Scientists warn: Sea level rise a matter of time

How fast will sea levels rise? Scientists are looking for answers.
How fast will sea levels rise? Scientists are looking for answers.
What if the one place virtually no one thinks about suddenly becomes the one place that virtually no one can ignore?    

    That’s the story with Greenland, which has an ice sheet three times the size of Texas, according to NASA. That ice sheet has enough water to raise global sea levels by 20 feet. And because of that, the space agency is embarking on a mission, Oceans Melting Greenland (yep, OMG for short) to better understand sea level rise.
    The program will measure oceans and ice loss around the edges of Greenland for the next five years, said Josh Willis, a scientist at NASA's Jet Propulsion Laboratory, Pasadena, California, who is leading the study.
    Sea level has risen an average of nearly 3 inches since 1992, according to NASA, with some natural variation. One area of uncertainty is predicting how fast ice sheets will melt in response to global warming, scientists said at a NASA press conference earlier this week. Here is the rundown:

      What does NASA hope to accomplish with OMG?

    The research program will begin with a fishing boat that maps the seafloor around Greenland.  
    As scientists understand more about ice-sheet loss, they hope to predict the “extent and timing” of sea level rise, according to NASA.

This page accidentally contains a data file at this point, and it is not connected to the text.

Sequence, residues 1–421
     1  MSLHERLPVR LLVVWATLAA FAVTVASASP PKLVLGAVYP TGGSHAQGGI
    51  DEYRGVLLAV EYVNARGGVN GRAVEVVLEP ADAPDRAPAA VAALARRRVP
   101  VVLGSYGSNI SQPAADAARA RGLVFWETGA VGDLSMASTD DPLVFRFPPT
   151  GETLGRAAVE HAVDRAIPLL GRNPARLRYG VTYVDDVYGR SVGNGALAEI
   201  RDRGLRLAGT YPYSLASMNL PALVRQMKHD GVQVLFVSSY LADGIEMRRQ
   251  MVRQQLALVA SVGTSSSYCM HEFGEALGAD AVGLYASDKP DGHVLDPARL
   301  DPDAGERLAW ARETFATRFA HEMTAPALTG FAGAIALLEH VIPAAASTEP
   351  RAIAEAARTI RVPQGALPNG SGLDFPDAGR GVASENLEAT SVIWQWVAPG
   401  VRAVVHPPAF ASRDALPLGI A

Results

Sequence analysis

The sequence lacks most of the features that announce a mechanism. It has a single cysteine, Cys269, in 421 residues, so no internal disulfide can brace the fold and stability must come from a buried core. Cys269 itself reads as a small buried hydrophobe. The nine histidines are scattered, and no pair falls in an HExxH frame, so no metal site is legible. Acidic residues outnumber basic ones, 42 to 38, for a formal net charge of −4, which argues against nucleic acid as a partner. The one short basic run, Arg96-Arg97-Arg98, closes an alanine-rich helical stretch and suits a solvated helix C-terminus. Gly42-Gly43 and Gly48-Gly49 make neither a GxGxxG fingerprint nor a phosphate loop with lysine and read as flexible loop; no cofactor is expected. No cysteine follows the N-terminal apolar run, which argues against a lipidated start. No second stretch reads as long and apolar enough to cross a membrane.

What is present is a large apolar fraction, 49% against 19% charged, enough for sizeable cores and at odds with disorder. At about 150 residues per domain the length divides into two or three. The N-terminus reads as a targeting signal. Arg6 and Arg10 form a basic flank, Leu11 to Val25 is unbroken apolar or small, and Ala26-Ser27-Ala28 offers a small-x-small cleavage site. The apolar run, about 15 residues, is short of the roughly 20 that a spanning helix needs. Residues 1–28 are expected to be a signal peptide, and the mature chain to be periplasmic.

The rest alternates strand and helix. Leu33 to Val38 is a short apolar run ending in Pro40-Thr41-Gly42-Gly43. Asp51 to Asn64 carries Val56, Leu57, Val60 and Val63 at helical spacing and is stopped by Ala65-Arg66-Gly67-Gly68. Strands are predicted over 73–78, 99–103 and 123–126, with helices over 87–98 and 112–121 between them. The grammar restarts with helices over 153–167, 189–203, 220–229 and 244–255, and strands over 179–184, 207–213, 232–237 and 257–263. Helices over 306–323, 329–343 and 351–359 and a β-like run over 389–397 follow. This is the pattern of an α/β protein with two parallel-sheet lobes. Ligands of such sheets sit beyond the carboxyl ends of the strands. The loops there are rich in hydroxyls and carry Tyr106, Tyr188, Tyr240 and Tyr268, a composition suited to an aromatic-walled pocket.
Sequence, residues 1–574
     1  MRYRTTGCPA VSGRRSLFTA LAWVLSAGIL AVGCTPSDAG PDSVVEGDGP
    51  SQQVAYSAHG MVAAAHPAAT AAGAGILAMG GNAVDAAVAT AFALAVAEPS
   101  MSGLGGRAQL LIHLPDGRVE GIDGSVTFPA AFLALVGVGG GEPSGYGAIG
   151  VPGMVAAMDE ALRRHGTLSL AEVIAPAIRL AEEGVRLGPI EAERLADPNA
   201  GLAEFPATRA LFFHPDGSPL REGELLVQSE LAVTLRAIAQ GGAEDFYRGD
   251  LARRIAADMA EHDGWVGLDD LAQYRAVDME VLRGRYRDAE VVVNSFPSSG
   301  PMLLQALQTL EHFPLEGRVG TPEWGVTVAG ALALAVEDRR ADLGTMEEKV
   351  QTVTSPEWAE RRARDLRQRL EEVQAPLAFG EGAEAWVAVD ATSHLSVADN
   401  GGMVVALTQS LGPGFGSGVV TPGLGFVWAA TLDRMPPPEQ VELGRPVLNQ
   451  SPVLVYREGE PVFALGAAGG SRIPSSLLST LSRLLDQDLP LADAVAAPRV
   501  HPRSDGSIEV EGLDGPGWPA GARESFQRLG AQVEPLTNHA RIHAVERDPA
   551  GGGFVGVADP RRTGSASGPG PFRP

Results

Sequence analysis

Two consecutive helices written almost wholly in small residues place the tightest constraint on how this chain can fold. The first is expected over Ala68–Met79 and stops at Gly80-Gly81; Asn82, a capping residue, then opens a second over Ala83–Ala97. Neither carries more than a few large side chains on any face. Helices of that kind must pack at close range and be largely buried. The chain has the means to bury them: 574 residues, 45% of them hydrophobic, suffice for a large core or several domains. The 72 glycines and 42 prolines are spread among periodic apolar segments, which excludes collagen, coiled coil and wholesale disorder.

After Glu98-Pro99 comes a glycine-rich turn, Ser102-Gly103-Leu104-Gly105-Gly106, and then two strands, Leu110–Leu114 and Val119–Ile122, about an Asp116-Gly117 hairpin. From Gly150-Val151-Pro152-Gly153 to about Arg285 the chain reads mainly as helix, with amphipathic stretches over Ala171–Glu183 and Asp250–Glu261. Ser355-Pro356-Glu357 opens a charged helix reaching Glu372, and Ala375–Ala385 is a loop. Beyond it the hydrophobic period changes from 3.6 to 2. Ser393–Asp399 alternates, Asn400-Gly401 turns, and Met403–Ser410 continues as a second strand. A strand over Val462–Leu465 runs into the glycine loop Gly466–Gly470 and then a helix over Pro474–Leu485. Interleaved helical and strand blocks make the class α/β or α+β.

Ice sheets, glaciers, ice caps…aren’t they all contributing to sea level rise?

    “Ice sheets are contributing to sea level rise sooner and more significantly than anticipated,” explained Eric Rignot, glaciologist at the University of California, Irvine, and a scientist at NASA's Jet Propulsion Laboratory, during the press conference. “We know with future warming, ice sheets will dominate sea level rise because they will have a much larger volume of ice than glaciers and ice caps.”
    With the climate warming, he added, “we may lock ourselves into multiple-meter sea level rise. We’re talking about 6 meters – 18 feet – and higher of sea level rise.”
    But how fast will it happen? Right now, scientists are unsure whether sea level will rise half a meter per century or several meters per century. “We just don’t know,” he said.

     Why is this research important?  

    “I think one of the main takeaways is that people need to be prepared for sea level rise,” Willis said. “We’re going to continue to have sea level rise for decades and probably centuries. It’s not going to stop. ... If you live on a coastline or if you have economic dependence on a coastline, we have to be prepared for rising seas. It’s not a question of how much but when.”


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